Goliath starts up on Amazon June 15, with Billy Bob Thornton’s Billy McBride pulled back into law when a pal’s teen son is arrested for a double homicide. Season two is about “the existential journey” of Billy, according to executive producer and showrunner Lawrence Trilling. He meets a woman. She “causes him to be vulnerable, and he pays a terrible price for that.”

One highlight is a trip to Mexico toward the end of the season. South of the border “is where all the shit goes down,” Trilling said.

What stands out about the legal drama? Trilling boils it down to two things, the first being the “undeniable excellence” of its lead actor. Thornton is a “supremely watchable actor and performer,” he said. “He’s a guy you just want to watch lean against a car and smoke a cigarette.”

The other thing is Goliath’s “binge-worthy” quality. “There are big, wild turns to our story,” Trilling said. “It’s a real romp and ride.”

Mark Duplass joins the cast as a shady developer looking to leave his mark on the L.A. skyline. Trilling calls him a “great villain.” The Goliath bad guys, he added, have a “pulpy noir quality.”

What is the showrunner doing for the premiere? “Putting flyers on my neighbors’ windshields, telling them to watch,” Trilling quipped.

And Big City Greens premieres on Disney Channel June 18, the animated show from brothers Chris and Shane Houghton. It’s about the misadventures of 10-year-old Cricket Green, a country kid who moves to the city with his family.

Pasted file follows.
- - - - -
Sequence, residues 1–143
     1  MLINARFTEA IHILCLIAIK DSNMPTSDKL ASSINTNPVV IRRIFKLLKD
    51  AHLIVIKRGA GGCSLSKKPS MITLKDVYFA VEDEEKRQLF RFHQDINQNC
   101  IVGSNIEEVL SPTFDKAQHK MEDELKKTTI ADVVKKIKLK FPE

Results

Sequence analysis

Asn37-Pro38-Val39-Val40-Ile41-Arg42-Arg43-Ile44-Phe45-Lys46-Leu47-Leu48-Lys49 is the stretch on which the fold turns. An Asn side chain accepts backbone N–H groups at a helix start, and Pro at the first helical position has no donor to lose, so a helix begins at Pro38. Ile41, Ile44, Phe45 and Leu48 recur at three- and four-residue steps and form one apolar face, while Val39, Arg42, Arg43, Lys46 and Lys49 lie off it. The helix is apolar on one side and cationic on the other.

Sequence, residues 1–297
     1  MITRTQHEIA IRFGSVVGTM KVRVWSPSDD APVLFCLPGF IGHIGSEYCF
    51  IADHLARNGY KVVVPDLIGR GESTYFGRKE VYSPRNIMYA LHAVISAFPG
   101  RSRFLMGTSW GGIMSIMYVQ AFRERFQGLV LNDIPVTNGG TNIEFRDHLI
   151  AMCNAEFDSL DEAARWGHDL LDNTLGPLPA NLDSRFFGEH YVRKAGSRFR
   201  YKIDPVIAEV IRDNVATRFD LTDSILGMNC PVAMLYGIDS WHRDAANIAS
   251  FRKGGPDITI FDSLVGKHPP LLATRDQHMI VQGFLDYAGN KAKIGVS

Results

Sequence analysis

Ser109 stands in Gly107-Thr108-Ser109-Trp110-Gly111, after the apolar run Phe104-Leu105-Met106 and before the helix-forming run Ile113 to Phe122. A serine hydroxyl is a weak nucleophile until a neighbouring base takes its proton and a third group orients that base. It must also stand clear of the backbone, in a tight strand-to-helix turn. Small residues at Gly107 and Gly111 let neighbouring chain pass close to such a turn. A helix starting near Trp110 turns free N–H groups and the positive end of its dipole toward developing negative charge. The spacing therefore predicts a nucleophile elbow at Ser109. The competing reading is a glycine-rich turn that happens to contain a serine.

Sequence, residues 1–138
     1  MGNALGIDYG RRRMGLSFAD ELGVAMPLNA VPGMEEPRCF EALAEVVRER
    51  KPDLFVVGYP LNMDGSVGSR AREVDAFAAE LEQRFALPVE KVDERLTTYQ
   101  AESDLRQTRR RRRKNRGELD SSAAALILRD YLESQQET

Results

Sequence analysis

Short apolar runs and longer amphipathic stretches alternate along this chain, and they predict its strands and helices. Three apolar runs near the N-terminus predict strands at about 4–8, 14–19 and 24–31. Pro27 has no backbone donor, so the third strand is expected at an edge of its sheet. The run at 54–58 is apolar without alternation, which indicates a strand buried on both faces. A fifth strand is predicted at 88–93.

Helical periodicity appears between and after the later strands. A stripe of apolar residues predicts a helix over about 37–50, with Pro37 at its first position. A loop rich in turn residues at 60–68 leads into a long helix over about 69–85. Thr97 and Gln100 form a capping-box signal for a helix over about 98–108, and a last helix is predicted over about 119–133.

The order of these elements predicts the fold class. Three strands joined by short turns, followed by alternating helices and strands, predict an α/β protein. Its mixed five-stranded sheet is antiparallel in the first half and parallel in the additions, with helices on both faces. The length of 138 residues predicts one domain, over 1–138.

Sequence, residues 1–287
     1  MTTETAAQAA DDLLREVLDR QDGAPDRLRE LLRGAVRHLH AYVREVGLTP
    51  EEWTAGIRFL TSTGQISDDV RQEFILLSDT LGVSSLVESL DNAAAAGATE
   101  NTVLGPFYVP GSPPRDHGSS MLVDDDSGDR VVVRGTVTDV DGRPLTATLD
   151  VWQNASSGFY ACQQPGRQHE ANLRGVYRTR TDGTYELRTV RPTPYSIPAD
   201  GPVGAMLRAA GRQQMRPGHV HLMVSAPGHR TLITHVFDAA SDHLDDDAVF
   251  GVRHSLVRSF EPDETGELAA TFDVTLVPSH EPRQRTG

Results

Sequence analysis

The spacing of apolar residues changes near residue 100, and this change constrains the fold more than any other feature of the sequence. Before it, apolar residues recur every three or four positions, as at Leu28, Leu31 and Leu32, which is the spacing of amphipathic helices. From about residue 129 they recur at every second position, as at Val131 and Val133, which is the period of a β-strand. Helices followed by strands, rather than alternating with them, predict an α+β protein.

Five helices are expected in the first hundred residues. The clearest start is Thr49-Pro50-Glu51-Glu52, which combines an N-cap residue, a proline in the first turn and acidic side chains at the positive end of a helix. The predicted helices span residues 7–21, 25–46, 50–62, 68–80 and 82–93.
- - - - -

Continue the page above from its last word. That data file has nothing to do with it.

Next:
The series is inspired by the Houghton boys’ upbringing in rural St. Johns, Michigan. “It was a small farm town,” Shane said. “Dirt roads, cornfields, farm animals.”

The Houghton house was so remote that they could not see their next door neighbor’s home. Shane recalls a wisp of jealousy for his friends who lived within walking distance of a gas station.

The brothers, who previously worked on Nickelodeon series Harvey Beaks, now live in Los Angeles. Big City Greens borrows from their experience of shifting from country life to a mega-metropolis. “I loved growing up in the country, and now I love living in a big city,” Chris said. “I like exploring the differences.”

Cricket is based on Chris, the brothers agree, the main character a “mischievous, trouble-making kid,” according to Shane. Fittingly, Chris does Cricket’s voice.

Big City Greens offers a unique look — an array of bright colors, and characters that don’t have noses. “We tried to figure out ways to make the show stick out,” Chris said. “A show where no one has a nose — we thought that might stick out.”

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